Bay State Milling provides a “starter” for its Healthy Grain Initiative with a world-class nutrition and scientific advisory committee that will guide the company on medical and nutritional science.

Bay State Milling Co., Quincy, Mass., established the Nutrition and Scientific Advisory Committee (NSAC) as a critical part of its recently announced Healthy Grain Initiative, the goal of which is to provide healthy and affordable grain-based food and food ingredients to customers and ultimately consumers.

The group of professionals has expertise that spans a wide spectrum of the health and wellness space, according to Brian Rothwell, chief executive officer of Bay State Milling.

“It will provide Bay State with guidance on the current state of medical and nutritional science, as it relates to grain-based foods with an emphasis on whole grains and dietary fiber,” Rothwell says. “The NSAC will provide Bay State management with the expertise to help our customers navigate the future role of grain-based nutrition in product and menu development. Grain-based foods can play a vital role in helping improve the U.S. consumer’s diet and we expect to participate in driving the innovation needed to accomplish that objective.”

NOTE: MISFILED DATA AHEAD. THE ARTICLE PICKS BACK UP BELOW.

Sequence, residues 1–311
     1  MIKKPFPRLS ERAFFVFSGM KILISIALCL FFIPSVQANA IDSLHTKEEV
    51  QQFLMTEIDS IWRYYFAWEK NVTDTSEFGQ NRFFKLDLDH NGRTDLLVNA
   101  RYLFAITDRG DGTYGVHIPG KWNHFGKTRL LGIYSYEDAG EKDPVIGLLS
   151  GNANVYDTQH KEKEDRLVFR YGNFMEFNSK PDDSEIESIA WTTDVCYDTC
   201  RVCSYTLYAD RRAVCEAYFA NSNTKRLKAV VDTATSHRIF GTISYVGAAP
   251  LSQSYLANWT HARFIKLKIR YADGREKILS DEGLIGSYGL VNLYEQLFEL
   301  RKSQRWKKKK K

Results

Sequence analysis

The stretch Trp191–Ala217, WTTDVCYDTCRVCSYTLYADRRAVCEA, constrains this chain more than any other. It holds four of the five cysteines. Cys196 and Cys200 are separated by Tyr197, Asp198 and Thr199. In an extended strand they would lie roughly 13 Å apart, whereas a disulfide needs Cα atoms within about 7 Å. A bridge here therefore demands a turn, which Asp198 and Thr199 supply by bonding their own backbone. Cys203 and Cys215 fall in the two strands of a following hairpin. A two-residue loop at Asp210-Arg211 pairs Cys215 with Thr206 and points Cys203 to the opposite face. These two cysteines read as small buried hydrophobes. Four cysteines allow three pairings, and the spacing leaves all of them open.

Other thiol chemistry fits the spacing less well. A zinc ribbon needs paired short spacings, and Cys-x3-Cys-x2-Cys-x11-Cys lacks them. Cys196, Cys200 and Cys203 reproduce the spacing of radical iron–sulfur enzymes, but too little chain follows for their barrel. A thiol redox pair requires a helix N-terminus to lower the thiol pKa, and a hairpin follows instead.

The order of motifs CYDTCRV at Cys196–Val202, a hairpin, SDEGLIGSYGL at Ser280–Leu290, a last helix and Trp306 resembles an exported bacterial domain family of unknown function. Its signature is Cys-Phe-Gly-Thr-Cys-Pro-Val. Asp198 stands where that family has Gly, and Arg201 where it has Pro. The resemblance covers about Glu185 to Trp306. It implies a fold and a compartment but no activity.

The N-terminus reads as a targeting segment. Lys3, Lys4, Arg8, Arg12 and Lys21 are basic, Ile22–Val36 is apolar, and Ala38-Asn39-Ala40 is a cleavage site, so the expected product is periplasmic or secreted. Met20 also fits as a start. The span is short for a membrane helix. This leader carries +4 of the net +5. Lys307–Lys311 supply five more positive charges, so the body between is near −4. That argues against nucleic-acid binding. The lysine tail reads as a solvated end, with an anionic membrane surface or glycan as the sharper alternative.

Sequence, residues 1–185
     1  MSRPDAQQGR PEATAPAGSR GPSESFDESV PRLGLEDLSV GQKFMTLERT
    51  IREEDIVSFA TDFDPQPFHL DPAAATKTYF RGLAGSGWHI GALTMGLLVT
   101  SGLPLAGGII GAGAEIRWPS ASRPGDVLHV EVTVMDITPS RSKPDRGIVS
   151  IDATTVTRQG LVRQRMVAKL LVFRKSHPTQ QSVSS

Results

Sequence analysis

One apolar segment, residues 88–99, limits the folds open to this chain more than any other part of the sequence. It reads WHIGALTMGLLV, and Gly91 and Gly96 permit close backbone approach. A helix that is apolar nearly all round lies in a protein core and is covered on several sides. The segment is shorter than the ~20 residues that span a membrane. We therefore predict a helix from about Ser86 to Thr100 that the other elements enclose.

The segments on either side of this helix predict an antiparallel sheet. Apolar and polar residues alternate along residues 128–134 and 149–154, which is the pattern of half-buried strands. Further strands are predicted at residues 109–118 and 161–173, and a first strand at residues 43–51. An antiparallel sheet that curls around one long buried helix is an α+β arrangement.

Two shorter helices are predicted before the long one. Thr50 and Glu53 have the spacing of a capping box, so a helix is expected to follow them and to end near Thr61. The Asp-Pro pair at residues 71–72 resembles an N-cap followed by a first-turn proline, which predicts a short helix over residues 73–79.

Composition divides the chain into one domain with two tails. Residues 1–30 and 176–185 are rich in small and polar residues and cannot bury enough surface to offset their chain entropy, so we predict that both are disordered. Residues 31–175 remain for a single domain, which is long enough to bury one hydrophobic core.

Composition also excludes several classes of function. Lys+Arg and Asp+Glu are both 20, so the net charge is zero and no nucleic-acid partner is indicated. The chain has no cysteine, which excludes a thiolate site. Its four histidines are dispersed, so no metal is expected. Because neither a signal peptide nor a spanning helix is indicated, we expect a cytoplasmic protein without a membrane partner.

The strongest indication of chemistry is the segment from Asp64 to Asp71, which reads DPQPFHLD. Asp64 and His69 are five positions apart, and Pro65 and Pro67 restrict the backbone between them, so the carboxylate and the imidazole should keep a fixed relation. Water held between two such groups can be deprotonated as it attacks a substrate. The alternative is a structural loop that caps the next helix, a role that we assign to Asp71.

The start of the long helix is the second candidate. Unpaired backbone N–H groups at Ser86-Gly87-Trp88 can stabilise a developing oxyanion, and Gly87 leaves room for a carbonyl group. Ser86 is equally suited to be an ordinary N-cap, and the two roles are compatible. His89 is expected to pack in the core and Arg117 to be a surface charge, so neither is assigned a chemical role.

Bay State offers a wide assortment of specialty milled and blended products and has more that 112 years of experience in processing whole grains. The company is a leader in the milling of whole wheat, rye and durum, along with a growing assortment of ancient grains and gluten-free products. The company expects to merge its grain-based processing skills with the nutritional expertise of the NSAC to provide new and improved health and affordable food choices for tomorrow’s consumer.

Members of the committee include Caroline M. Apovian, director of the Center for Nutrition and Weight Management at Boston Medical Center and associate professor of Medicine and Pediatrics and Nutrition at the Boston University School of Medicine; Bruce R. Bistrian, chief of Clinical Nutrition at the Beth Israel Deaconess Medical Center and Professor of Medicine at Harvard Medical School; Johanna Dwyer, director of the Frances Stern Nutrition Center at Tufts Medical Center; Paul Jacques, director of the Nutritional Epidemiology Program at the Jean Mayer USDA Human Nutrition Research Center on Aging and professor at the Friedman School of Nutrition Science and Policy at Tufts University; Stephen McCurry, vice president of Grains for Health Foundation; and James Tillotson, professor of Food Policy and International Business at Tufts University at the Friedman Nutrition Science and Policy and Fletcher schools.